The 'Unofficial' iMovie FAQ

Text and titles are blurry in Quicktime

Last edited: 28 November, 2004
Author: Daniel Slagle

Problem: Computer Display

Solution: The QuickTime Pro-enabled QuickTime Player can be used to display a DV movie at High Quality. To do this, open the movie with QuickTime Player, and select Get Info in the Movie menu. In the Movie Info window, select Video Track in the left pop-up menu, and select High Quality in the right pop-up menu. Check the High Quality Enabled checkbox to view the movie at full quality.

Frame rate will decrease substantially with this setting. The movie can be saved with this setting and from then on, when the Movie is played back in any application, it will be played at High Quality.

iMovie is going to show you a preview on it's display. The "high quality" setting in iMovie may help, but your are still looking at a preview. You need to check your work in it's final delivery format to see how it will look to your viewing audience. It could look better, or it could look worse than it does in your non-linear editing environment (NLE). There isn't an NLE in the world that can show you what your video will look like in it's final form.

Unless you are going to deliver high resolution video on a fast computer, I'd suggest you use slightly larger fonts. I think I'd have trouble reading your text on my NTSC monitor. If you video is delivered in a lower resolution, that will also pose a problem. If you are doing computer only delivery, you can try de-interlacing the final movie. Although that makes the playback look a little less smooth, each frame tends to be sharper, in my opinion. Extended answer by:

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Still Not Happy?

by Karl Petersen

There is one other way to add great-looking titles to a movie. Instead of adding them with iMovie, add them to your QT movie AFTER you export it. Create the titles with Photoshop or some other graphics programs, then use QT Player Pro to add them to the movie. It lets you add each title as a new layer of the movie, displayed over the frames you want. Since the text image is never compressed, the titles look great.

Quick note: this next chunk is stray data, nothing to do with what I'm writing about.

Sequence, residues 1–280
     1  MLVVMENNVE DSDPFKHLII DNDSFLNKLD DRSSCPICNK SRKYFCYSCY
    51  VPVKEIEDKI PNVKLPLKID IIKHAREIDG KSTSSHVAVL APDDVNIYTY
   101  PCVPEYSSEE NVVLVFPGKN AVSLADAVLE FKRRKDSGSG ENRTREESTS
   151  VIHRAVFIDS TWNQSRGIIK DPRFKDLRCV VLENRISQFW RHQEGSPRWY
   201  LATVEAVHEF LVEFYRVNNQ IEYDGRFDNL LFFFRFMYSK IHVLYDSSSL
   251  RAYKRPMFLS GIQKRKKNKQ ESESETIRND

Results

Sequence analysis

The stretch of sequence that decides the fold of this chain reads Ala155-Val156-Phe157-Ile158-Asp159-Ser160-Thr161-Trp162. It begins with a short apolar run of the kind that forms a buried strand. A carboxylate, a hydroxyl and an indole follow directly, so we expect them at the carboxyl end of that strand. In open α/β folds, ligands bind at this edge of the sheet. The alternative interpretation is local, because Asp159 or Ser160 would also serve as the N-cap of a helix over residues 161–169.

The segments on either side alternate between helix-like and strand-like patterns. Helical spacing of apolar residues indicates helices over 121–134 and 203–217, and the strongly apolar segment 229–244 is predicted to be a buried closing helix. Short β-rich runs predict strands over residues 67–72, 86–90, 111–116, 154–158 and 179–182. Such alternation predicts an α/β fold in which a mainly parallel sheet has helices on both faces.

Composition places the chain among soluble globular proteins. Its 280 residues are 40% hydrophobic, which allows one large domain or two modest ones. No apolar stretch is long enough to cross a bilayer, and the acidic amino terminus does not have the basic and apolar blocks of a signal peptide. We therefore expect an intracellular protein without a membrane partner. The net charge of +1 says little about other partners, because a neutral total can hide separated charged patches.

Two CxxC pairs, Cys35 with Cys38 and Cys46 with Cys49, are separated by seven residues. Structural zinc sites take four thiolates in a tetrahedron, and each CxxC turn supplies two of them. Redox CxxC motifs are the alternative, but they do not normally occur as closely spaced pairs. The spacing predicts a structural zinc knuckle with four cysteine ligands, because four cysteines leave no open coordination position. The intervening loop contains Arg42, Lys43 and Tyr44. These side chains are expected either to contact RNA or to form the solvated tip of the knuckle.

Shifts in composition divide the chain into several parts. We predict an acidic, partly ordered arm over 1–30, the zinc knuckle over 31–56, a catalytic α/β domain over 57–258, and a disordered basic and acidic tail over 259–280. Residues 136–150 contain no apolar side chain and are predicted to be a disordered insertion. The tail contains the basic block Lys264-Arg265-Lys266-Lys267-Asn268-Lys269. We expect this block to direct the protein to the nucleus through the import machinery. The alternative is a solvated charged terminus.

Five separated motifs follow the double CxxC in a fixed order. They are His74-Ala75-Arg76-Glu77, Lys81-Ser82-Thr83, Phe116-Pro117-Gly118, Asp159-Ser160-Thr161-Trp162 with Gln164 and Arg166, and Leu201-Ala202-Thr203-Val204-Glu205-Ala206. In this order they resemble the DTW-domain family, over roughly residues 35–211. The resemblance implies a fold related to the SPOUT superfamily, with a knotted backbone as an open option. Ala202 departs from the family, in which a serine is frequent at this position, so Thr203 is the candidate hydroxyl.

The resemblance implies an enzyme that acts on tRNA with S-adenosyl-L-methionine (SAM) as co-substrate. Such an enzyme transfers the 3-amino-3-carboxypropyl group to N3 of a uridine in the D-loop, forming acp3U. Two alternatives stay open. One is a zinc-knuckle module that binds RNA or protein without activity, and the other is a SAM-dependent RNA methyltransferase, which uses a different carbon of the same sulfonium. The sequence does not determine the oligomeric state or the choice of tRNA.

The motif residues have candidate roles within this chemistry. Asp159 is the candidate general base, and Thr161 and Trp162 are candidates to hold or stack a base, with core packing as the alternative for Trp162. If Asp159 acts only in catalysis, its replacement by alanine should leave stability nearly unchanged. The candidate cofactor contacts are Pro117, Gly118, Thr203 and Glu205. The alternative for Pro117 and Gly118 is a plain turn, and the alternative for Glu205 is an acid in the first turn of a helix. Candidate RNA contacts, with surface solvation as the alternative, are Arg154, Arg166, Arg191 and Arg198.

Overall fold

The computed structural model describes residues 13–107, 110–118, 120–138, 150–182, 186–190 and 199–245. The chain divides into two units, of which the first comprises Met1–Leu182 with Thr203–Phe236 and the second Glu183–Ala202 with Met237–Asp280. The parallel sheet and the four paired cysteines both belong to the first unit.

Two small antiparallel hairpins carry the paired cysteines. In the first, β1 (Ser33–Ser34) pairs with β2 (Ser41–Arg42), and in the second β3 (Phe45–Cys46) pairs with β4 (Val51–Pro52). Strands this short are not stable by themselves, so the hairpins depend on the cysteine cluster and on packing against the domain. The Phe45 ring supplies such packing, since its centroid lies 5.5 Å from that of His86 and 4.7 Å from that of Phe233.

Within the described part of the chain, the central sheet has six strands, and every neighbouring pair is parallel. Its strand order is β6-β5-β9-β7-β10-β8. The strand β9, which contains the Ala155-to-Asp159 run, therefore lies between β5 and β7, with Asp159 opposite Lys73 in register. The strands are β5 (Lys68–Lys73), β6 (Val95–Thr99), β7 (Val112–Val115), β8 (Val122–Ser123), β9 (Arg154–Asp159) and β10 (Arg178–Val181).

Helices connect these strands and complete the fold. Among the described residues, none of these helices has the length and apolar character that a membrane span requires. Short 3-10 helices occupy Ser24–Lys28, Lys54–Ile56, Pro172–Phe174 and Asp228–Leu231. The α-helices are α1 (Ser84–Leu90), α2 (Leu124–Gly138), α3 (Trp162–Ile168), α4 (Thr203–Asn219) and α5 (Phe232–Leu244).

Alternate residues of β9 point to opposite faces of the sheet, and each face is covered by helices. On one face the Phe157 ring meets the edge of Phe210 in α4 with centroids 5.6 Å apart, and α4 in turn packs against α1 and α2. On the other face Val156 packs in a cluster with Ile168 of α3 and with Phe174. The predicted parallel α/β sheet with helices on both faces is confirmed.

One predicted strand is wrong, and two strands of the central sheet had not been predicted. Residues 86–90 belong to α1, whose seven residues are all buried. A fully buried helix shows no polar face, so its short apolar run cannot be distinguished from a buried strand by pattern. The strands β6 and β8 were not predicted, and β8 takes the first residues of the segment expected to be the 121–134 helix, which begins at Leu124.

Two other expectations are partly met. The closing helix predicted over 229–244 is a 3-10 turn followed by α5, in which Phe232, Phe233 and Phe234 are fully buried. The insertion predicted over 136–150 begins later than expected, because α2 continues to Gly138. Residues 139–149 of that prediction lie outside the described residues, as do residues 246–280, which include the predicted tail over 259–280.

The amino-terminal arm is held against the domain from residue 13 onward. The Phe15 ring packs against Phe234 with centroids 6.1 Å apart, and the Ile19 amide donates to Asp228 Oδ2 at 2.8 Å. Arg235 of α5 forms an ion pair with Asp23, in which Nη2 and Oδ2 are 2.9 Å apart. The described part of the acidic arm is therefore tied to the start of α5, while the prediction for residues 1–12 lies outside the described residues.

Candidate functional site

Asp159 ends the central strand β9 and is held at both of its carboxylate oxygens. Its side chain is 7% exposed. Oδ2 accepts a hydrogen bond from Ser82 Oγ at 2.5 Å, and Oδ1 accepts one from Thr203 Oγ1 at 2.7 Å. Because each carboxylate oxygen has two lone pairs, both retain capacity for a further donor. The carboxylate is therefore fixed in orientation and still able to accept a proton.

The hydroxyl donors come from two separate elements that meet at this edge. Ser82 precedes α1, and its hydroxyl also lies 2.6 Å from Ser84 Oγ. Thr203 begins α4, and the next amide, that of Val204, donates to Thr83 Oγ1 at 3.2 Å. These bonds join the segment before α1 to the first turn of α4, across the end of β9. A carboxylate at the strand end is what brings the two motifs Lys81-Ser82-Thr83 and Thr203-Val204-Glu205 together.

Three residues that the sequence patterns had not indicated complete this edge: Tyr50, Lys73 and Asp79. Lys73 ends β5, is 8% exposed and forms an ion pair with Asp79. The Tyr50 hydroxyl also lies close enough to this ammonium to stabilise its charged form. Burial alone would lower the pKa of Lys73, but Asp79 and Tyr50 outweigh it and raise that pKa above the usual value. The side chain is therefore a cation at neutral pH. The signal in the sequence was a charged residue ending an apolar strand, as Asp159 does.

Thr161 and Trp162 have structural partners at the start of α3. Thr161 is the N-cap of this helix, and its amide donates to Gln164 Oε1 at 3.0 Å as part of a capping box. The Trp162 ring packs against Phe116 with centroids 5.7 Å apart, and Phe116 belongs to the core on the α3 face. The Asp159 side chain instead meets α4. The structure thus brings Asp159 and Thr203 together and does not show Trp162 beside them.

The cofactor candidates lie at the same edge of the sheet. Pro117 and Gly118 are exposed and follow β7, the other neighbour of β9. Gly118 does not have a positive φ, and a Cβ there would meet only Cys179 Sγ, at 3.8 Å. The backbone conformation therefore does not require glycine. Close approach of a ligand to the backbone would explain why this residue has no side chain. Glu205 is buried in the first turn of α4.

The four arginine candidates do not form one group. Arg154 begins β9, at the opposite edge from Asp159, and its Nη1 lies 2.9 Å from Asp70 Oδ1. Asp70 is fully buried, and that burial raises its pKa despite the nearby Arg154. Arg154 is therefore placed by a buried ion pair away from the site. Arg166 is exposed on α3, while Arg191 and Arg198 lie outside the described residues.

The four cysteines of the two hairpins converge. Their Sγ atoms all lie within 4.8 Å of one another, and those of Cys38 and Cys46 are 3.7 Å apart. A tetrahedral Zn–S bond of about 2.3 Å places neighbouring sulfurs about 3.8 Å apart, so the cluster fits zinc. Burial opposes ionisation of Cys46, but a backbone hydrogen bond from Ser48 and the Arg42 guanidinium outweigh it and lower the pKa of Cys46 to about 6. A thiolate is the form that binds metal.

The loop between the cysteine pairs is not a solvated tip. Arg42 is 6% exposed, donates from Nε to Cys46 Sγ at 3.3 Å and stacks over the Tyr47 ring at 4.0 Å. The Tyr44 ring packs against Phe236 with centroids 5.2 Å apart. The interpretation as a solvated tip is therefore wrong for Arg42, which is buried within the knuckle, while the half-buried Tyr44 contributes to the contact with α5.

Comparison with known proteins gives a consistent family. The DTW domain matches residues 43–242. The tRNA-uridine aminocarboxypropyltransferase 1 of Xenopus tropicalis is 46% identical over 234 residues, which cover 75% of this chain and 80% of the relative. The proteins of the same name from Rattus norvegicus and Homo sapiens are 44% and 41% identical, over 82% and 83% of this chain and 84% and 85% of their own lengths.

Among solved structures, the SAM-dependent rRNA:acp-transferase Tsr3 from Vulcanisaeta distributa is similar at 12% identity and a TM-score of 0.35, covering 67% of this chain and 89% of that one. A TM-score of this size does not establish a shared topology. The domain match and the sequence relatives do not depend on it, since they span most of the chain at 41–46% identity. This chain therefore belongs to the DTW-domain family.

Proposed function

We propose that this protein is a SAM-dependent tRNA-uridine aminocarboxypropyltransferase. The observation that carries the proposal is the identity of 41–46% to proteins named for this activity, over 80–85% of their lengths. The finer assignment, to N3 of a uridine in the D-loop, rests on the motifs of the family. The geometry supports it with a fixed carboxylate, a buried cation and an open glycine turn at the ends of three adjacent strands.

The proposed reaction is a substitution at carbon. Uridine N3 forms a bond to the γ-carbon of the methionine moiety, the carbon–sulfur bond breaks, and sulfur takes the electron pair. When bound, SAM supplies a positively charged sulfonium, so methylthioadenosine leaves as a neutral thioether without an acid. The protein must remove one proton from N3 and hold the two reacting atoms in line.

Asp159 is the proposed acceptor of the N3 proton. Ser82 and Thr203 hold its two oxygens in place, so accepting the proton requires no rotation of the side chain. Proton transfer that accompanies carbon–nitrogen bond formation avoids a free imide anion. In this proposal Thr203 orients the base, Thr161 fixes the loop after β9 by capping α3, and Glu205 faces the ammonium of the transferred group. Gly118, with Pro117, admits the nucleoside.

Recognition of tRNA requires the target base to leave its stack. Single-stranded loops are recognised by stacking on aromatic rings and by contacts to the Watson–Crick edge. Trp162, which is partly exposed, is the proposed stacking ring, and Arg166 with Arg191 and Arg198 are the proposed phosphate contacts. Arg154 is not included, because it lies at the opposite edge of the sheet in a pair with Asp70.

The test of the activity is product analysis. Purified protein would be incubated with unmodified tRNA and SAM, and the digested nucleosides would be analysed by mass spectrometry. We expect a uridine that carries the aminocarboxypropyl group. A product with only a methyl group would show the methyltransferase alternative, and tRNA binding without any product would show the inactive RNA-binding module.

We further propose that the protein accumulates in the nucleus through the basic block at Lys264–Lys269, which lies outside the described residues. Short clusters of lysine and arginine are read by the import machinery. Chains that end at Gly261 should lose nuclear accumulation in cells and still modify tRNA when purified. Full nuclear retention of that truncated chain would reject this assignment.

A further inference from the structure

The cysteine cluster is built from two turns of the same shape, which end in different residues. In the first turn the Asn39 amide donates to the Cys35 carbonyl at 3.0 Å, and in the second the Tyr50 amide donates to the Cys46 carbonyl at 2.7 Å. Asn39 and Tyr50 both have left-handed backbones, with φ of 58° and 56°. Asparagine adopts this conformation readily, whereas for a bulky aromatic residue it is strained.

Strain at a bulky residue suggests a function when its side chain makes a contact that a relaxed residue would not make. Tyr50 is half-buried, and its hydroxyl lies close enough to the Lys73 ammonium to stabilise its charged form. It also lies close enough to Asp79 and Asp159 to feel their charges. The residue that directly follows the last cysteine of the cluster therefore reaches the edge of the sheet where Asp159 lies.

To add a title displayed over a transparent stripe to certain frames of a movie:

  1. Create a new Photoshop file that's the same frame size as your movie. In the Contents area of the new-image dialog, choose Transparent.
    Add the title using Lucida Grande or Verdana, both simple fonts. The text can be any size and color.
  2. Add a new layer, then use the Gradient tool to drag a gradient across that layer.
  3. Move the gradient layer behind the title layer, then use the Marquee Tool to delete most of the gradient, leaving a bar displayed behind the title.
  4. Save the image.
  5. Import the image with QT Player Pro. (It opens in a new window.) Select All and Copy. Close the window.
  6. Open the movie that will receive the title.
  7. Select those frames where you want the title to appear.
  8. Choose Edit>Add Scaled. This Pastes the title image over the selected frames in a new video layer. Click in the movie window and scroll back a frame or two. The title will cover the movie; we'll fix that in a moment.
  9. Choose Movie>Get Movie Properties. In the left pop-up menu, choose the last-listed Video track.
  10. Then choose Graphics Mode in the right pop-up menu. Click on "premul white alpha". The movie should appear behind the title. It should have great clarity.
  • Note that if you resize the title file to a smaller frame size in Photoshop, you can use QT Player's Size command to drag the elsewhere in the movie frame.

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by Jerry Hofmann

There's something else that should be pointed out here. Computer displays are progressive scan, where non progessive video (like NTSC 29.97 or normal everyday video that most DV cameras shoot) is interlaced, so a computer display has a tough time with this, and will show jagged edges that really won't show up on a DVD player as much.

Also, there is a high quality playback setting that QT Pro can use and assign to QT movies for playback on computers that improves it's quality a lot... But judging the quality of a DV capture that's to be delivered on DVD or tape, should always be checked only on an external video monitor or TV set... not your computer's display. MPEG-2 will almost always show some blocky video on fade ups especially from DV sources, where say uncompressed 10 bit images will look better in the end when encoded to MPEG-2. HD codecs look even better when they are compressed to MPEG-2. DV is great in it's first generation, but by the 5th generation there is noticable signal loss. Not nearly as true of uncompressed SD or HD images for sure.

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